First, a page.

The flip side of this is that we can make decisions which, if viewed from a slightly different perspective, can be considered a sort of limited free will.  That is, from a practical point of view, strict determinism is sort of irrelevant.  If we take the restaurant example from my essay, there is no practical way to know with certainty whether my dinner guest will choose fish or chicken.  For that matter, if asked beforehand, there is no way for me to know my own future preferences.  Even though in reality, the state of preference, and the logical processing of that preference through a filter of other considerations like diet, cost, etc, is unavoidable and inevitable, there is no way for a human to experience life without the perception that choices are being made.

Here's another way to think of it.  Take the next ten minutes and try not to make any choices.

[/cue Jeopardy Theme for 10 minutes]

Ok.  You couldn't do it, right?  The thing is, when you are faced with options, you can't help but weigh them.  The mental machinery that makes the decision doesn't operate instantaneously.  Sometimes (often) we take quite a bit of time to reach a decision.  Imagine the restaurant again, and suppose that you don't have any clear opinion on whether fish or chicken would be better.  You have to make a choice, but neither one is jumping out at you.  You'll spend several minutes imagining various scenarios.  You'll imagine yourself eating each dish, imagine what each one will taste like, how you will feel, etc, etc.  During this process, the same kinds of things are going on.  Each moment of awareness is the result of pre-conscious mental calculations.  Even so, to you, it feels like movement from one place to another.  You are having to consciously think about what you want.

This is where the apparent paradox happens.  Theoretically, there is a set of causal events that has made your course inevitable, but you cannot mentally exist in that awareness.  Practically, though, there is no way for a human to utilize or even be consciously aware of, this fact.  Here's where the classic "brain in a vat" comes in handy.  Remember that the usual answer to the brain in a vat problem is that if the illusion is so complete that there is no way for humans to pierce it, then for all practical purposes, the illusion is real.

The same applies to humans with regard to free will.  Our perception is limited to the appearance of choices.  We are incapable of perceiving ourselves as not choosing, so the illusion is essentially complete.

If it helps you to think of it in a different way, consider the following two statements, both of which are true:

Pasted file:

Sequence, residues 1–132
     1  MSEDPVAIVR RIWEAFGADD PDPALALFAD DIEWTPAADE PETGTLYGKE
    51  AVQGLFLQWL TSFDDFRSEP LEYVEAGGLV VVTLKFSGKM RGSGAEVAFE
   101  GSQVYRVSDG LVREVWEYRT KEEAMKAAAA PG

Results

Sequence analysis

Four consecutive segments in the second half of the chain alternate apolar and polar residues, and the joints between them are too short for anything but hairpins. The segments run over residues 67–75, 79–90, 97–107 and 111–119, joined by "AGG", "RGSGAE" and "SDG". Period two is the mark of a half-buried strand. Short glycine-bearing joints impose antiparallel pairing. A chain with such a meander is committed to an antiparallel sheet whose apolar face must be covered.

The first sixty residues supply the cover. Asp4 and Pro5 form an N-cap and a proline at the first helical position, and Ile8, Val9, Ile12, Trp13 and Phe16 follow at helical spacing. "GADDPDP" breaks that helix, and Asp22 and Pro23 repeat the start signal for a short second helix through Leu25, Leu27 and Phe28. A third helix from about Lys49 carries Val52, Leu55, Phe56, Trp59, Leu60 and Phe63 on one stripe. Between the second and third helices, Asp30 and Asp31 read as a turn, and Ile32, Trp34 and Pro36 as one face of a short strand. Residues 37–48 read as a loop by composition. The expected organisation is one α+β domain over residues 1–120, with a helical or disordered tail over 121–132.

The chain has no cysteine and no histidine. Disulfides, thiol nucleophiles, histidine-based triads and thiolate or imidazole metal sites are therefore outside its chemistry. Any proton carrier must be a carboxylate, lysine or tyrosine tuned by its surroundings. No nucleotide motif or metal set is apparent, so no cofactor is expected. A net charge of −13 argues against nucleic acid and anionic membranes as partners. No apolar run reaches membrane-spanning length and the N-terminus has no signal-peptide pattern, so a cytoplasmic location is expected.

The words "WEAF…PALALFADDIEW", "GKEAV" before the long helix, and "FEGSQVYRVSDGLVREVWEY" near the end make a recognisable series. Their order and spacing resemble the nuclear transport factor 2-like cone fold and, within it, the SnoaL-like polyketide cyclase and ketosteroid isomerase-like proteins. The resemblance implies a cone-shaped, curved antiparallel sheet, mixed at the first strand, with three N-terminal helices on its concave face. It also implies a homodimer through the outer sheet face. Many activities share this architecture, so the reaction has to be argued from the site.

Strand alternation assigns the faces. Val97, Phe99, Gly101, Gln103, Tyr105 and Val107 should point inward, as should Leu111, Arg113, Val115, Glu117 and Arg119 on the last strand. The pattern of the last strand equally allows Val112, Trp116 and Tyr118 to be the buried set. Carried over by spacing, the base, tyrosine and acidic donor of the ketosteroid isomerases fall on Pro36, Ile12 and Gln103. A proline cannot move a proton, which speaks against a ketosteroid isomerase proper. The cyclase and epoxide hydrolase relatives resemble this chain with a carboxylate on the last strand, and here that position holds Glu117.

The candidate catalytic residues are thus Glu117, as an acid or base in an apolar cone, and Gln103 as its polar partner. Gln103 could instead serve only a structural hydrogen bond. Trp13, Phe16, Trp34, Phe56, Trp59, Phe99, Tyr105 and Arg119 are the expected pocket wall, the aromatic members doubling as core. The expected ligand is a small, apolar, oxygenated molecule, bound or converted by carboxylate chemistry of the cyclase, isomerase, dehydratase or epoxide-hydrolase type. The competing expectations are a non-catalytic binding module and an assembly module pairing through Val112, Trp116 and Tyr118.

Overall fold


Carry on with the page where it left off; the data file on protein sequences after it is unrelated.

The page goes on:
1) My chair is made almost entirely of empty space.

2) My chair is a solid object.

Both statements are true, despite being apparently paradoxical.  The reason "My chair is a solid object" is true is that I cannot help but perceive it at the level of human perception.  I am incapable of perceiving it on a quantum level.  The illusion of solidity is complete for me, and therefore, the illusion is pragmatically real.

So, I can understand intellectually that determinism is real.  Yet, I cannot help but perceive the complete illusion that I am making choices, so at the same time, I perceive free will.

 

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Thanks Hamby.  I just

Thanks Hamby.  I just looked through my e-mails and Turek's rephrased argument is that there is no rationality if we are just a product of evolution.  However I personally don't feel like realizing our flaws (if you even want to call it that) is a reason to just throw in the towel.

This might sound weird but I'm wondering if anyone else is a bit disappointed to realize we have less control over our lives than we perceive we do?


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Quote:I just looked through

Quote:
I just looked through my e-mails and Turek's rephrased argument is that there is no rationality if we are just a product of evolution.

Well, that's just horse shit.

Logic is the codification of the way we think.  Nothing more.  We think the way we do because rationality, in most cases, survives better than irrationality.  Suppose there is a rodent gathering food on a plain.  A shadow passes overhead.  Logically, the best thing to do is run as fast as possible to the nearest shelter.  Whether it's an owl overhead or not, quick retreat is the most logical course.  Rodents who retreat consistently are going to survive better than those who don't.  Evolution chooses the most rational creatures, whether they are aware of their rationality or not.